Amanda Waller Creator John Ostrander Writes About Character’s ‘Sexy’ Redesigns
Of all the redesigns that took place for DC's "New 52" relaunch, the one that was most disappointing to the staff of ComicsAlliance was undoubtedly the one that hit Amanda Waller. Rather than the short, stout, and impossibly tough woman who appeared in the pages of John Ostrander, Kim Yale and Luke McDonnell's Suicide Squad, the redesigned Waller was young, slim and sexy. She was, in other words, just like every other "idealized" body type in superhero comics, and lost a bit of what made her unique.
Well, it seems our disappointment has found us in good company, alongside no less than Ostrander himself. In a column at ComicMix that went up this week, the writer expressed both a love of the character he shaped for over 60 issues, and a dismay at how the character's redesign conflicts with his original intent.
Perhaps unsurprisingly to longtime fans, Waller has become one of DC's most prominent characters in recent years -- certainly among the non-superhero characters in their mass media projects, up there with Alfred, Commissioner Gordon and Lois Lane -- appearing in the Justice League animated series, the Green Lantern film, the CW's Smallville and Arrow, and even the Arkham series of video games. But while Justice League stuck close to the source material for her design, and Smallville cast the legendary Pam Grier, recent comics and adaptations, particularly Cynthia Addai-Robinson's portrayal on Arrow, have pushed her to what Ostrander accurately calls "model thin and young and, well, sexy."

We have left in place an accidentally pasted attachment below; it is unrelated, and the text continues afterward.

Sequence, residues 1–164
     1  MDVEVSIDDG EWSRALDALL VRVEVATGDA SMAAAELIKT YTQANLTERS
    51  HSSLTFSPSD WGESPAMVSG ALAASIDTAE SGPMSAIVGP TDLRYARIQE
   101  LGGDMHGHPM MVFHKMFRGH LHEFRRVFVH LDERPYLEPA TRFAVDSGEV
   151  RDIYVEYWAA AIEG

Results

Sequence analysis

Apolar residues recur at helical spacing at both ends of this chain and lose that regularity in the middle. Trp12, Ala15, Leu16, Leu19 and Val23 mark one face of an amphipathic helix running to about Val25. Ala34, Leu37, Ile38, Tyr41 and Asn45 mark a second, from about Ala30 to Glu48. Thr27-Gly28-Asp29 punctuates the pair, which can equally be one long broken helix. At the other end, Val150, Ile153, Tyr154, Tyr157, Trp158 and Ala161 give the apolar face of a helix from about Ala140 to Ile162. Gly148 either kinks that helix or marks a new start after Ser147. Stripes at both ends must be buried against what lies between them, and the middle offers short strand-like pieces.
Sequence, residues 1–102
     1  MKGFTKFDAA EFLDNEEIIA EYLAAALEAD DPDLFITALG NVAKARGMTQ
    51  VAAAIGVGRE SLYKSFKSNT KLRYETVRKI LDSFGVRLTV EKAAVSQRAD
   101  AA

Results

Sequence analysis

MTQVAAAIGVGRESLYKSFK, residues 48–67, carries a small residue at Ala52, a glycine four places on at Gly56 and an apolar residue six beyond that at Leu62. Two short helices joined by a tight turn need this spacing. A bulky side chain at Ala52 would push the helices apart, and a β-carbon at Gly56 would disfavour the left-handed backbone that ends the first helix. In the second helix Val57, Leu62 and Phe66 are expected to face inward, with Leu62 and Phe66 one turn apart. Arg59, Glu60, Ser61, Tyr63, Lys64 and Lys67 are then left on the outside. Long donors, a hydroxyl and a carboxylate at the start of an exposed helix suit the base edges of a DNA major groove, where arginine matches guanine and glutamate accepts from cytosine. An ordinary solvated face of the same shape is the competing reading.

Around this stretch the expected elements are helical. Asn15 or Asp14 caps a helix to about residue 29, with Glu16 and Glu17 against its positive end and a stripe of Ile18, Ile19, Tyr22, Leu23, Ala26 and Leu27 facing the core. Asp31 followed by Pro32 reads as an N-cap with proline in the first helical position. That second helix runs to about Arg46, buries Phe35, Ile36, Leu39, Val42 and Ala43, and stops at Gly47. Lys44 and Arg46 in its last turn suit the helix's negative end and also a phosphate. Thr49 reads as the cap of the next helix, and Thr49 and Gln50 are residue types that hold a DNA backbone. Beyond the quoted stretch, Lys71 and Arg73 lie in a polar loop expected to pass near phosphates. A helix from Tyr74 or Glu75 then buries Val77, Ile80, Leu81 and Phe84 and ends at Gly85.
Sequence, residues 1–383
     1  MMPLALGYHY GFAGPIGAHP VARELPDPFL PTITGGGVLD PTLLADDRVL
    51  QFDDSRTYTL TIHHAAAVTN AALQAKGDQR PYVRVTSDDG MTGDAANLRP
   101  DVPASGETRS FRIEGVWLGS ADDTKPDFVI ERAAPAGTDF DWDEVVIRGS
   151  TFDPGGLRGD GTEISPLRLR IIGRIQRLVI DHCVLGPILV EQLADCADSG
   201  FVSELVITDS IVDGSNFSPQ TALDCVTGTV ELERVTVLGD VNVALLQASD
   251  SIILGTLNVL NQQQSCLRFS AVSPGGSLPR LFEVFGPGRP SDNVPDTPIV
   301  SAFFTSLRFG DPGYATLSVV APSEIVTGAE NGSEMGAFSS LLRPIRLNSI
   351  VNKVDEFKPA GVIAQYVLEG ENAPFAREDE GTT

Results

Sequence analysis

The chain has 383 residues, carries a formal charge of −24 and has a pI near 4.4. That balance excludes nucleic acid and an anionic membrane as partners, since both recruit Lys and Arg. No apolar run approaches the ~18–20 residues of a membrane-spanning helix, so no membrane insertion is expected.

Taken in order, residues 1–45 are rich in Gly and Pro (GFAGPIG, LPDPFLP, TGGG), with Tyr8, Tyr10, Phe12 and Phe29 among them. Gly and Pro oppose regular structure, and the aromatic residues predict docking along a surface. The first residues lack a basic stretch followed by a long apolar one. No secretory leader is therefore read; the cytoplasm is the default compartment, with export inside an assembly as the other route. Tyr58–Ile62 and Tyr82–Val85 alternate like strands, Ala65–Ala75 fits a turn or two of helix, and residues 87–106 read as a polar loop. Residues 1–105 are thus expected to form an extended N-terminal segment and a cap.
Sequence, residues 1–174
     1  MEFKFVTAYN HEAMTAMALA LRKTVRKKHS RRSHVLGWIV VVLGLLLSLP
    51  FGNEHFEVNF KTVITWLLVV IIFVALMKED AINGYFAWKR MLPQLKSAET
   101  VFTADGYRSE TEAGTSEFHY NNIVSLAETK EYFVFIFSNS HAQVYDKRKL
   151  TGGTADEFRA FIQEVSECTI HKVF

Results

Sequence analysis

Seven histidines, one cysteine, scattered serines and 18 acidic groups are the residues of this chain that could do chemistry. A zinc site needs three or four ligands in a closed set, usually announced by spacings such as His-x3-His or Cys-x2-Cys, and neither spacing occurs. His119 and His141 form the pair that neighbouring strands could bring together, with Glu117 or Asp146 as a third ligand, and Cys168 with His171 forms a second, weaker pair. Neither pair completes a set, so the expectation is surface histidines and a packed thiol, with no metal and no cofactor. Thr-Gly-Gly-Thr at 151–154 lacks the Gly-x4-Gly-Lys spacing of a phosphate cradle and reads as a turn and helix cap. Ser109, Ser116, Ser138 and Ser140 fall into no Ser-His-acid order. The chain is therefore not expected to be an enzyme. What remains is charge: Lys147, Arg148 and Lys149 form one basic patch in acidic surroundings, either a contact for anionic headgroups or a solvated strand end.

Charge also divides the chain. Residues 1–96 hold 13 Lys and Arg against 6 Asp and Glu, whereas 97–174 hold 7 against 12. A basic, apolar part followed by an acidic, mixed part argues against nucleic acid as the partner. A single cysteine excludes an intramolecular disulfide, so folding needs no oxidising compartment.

As he says in his column:
I don’t control what happens with Waller or where she goes or how she looks; she is owned by DC Entertainment and Warners. I knew that going in. She is their property. That said, I think the changes made in her appearance are misguided. There were and are reasons why she looked the way she did. I wanted her to seem formidable and visually unlike anyone else out there. Making her young and svelte and sexy loses that. She becomes more like everyone else. She lost part of what made her unique.
It's important to note that what Ostrander says in his column is far from a "rant" about misuse of his characters. In fact, he likens Waller to a child who has grown up to become something that is appropriately beyond his control -- and who, in a great metaphor for his relationship as a creator of a popular character, "occasionally sends money home" -- and mentions that he looks forward to seeing her on television, even though the design is at odds with his original intent.
Still, that his concerns echo ours says a lot about where DC Entertainment has been taking the character in recent years, and raises the question of how valuable characters who don't have a typical look can be in superhero comics.
For more, check out his original column.